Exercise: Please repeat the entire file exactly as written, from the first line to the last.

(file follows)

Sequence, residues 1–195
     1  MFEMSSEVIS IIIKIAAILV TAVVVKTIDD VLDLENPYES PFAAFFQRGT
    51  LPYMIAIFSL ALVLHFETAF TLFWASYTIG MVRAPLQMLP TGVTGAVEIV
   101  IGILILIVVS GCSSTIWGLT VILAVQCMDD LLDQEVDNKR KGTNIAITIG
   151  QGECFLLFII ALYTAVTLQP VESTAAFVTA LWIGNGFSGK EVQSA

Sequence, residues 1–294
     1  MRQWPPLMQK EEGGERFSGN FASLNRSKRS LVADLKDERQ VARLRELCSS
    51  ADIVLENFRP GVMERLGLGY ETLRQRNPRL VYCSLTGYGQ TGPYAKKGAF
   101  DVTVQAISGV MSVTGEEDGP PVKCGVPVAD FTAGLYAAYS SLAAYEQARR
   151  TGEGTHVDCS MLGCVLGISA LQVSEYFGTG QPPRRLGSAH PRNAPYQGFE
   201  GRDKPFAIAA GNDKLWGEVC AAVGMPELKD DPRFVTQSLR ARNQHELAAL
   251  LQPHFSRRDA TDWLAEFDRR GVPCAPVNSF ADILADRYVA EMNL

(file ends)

Sequence, residues 1–195
     1  MFEMSSEVIS IIIKIAAILV TAVVVKTIDD VLDLENPYES PFAAFFQRGT
    51  LPYMIAIFSL ALVLHFETAF TLFWASYTIG MVRAPLQMLP TGVTGAVEIV
   101  IGILILIVVS GCSSTIWGLT VILAVQCMDD LLDQEVDNKR KGTNIAITIG
   151  QGECFLLFII ALYTAVTLQP VESTAAFVTA LWIGNGFSGK EVQSA

Sequence, residues 1–294
     1  MRQWPPLMQK EEGGERFSGN FASLNRSKRS LVADLKDERQ VARLRELCSS
    51  ADIVLENFRP GVMERLGLGY ETLRQRNPRL VYCSLTGYGQ TGPYAKKGAF
   101  DVTVQAISGV MSVTGEEDGP PVKCGVPVAD FTAGLYAAYS SLAAYEQARR
   151  TGEGTHVDCS MLGCVLGISA LQVSEYFGTG QPPRRLGSAH PRNAPYQGFE
   201  GRDKPFAIAA GNDKLWGEVC AAVGMPELKD DPRFVTQSLR ARNQHELAAL
   251  LQPHFSRRDA TDWLAEFDRR GVPCAPVNSF ADILADRYVA EMNL